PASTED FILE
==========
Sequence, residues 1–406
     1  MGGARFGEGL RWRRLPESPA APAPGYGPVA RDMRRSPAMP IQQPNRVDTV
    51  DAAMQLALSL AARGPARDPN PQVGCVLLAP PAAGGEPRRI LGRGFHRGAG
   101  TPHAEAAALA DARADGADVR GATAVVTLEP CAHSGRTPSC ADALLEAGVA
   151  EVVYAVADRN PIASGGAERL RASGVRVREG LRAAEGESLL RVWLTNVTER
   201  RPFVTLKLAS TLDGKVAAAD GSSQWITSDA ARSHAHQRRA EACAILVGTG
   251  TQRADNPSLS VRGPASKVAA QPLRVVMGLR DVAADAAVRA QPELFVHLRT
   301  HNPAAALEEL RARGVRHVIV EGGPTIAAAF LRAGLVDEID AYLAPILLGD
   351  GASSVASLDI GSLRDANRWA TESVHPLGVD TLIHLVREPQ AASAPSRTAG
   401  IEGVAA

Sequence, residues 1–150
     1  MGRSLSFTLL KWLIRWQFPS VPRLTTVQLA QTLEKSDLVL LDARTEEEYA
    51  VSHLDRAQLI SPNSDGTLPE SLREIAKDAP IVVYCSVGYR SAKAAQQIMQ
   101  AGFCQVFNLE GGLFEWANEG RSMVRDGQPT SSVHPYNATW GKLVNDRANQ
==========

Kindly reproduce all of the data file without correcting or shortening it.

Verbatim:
Sequence, residues 1–406
     1  MGGARFGEGL RWRRLPESPA APAPGYGPVA RDMRRSPAMP IQQPNRVDTV
    51  DAAMQLALSL AARGPARDPN PQVGCVLLAP PAAGGEPRRI LGRGFHRGAG
   101  TPHAEAAALA DARADGADVR GATAVVTLEP CAHSGRTPSC ADALLEAGVA
   151  EVVYAVADRN PIASGGAERL RASGVRVREG LRAAEGESLL RVWLTNVTER
   201  RPFVTLKLAS TLDGKVAAAD GSSQWITSDA ARSHAHQRRA EACAILVGTG
   251  TQRADNPSLS VRGPASKVAA QPLRVVMGLR DVAADAAVRA QPELFVHLRT
   301  HNPAAALEEL RARGVRHVIV EGGPTIAAAF LRAGLVDEID AYLAPILLGD
   351  GASSVASLDI GSLRDANRWA TESVHPLGVD TLIHLVREPQ AASAPSRTAG
   401  IEGVAA

Sequence, residues 1–150
     1  MGRSLSFTLL KWLIRWQFPS VPRLTTVQLA QTLEKSDLVL LDARTEEEYA
    51  VSHLDRAQLI SPNSDGTLPE SLREIAKDAP IVVYCSVGYR SAKAAQQIMQ
   101  AGFCQVFNLE GGLFEWANEG RSMVRDGQPT SSVHPYNATW GKLVNDRANQ